The outdoor brand founded on the basic principle of reacting to the needs of the consumer announced the second-largest round of layoffs in its 91-year history.

L.L. Bean will cut 300 jobs in the next two months despite turning a higher profit in 2002. The company has not disclosed which jobs will be cut, but most workers are likely to be hourly workers, rather than salaried workers, who were impacted by other recent reductions.

Bean saw a 5.0% increase in unit sales this fall season, but revenues remained flat. The company is estimating that net sales for fiscal 2002 ending February 28, 2003 will be about $1.1 billion, down 3.5% from $1.14 billion the previous year. Bean is projecting that revenue will inch up only a percentage point or so in 2003.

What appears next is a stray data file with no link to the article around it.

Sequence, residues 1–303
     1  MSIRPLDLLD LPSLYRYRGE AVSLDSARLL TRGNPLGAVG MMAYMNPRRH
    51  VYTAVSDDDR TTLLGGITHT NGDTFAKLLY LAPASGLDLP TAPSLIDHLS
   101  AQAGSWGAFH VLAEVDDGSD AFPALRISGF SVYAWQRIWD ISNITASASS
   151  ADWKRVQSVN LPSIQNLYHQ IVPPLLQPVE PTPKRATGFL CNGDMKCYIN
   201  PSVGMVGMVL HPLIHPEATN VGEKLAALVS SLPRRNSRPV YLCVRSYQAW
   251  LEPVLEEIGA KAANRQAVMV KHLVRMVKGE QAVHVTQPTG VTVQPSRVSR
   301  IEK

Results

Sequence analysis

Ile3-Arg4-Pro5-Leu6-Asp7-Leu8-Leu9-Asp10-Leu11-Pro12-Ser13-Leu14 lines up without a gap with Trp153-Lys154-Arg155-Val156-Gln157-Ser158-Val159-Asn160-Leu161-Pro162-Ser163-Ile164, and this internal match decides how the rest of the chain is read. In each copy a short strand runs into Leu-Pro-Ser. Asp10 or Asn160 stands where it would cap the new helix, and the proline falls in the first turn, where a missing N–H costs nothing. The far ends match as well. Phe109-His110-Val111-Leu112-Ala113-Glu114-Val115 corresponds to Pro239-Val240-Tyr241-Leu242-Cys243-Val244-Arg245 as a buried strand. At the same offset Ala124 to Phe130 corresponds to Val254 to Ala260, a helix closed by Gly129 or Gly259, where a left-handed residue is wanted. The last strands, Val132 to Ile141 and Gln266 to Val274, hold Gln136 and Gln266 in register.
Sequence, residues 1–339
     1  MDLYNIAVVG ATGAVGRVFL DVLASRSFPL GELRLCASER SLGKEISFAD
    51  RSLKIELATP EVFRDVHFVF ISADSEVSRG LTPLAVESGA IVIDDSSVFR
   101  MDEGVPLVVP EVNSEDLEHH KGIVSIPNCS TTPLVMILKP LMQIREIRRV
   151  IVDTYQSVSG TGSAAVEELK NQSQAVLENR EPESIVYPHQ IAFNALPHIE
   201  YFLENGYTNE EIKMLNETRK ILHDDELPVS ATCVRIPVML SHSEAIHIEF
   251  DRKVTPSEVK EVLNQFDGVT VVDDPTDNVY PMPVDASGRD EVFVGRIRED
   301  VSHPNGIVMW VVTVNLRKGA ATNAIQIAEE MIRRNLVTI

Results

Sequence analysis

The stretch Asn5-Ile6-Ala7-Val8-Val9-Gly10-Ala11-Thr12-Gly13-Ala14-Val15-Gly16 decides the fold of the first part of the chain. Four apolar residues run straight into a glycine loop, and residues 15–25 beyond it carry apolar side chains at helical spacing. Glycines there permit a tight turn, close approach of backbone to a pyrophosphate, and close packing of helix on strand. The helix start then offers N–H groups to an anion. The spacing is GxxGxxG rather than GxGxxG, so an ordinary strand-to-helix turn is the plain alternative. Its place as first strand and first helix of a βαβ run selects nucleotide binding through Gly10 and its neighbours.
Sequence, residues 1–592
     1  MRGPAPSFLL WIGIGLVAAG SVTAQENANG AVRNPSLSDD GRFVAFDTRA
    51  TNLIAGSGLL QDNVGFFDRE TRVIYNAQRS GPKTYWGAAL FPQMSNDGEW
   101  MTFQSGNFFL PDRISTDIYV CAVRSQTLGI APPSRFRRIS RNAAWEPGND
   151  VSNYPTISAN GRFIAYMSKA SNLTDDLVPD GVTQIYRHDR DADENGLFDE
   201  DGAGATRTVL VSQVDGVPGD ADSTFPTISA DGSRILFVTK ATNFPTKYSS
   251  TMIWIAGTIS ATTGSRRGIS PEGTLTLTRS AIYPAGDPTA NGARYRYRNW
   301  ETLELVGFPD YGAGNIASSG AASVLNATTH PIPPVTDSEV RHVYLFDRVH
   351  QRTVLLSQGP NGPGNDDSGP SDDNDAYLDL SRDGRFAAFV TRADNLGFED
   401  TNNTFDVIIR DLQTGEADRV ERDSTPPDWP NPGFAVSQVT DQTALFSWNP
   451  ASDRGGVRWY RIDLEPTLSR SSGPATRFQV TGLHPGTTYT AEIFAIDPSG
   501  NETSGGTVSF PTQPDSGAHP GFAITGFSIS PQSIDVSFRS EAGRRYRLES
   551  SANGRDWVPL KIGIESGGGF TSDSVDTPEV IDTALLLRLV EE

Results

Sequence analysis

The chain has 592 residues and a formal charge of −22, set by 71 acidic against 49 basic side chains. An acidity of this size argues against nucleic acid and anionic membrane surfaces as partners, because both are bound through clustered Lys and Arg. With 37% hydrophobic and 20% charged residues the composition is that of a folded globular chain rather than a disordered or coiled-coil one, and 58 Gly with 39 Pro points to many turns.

The outdoor apparel and equipment retailer laid off 175 employees last January as part of a reorganization, but those cuts were primarily in the merchandising and marketing divisions and ranged from senior managers to administrative support positions. In 1995, about 350 positions were eliminated. With Tuesday’s cuts, Bean has reduced its work force by 15% in the last year.

>>> Pundits feel that Bean is a victim of its own quality and product longevity, but the consumer’s move to “disposable fashion” doesn’t impact Bean’s aging boomer base. Now, if we could just get that 401(k) back up and stem price deflation…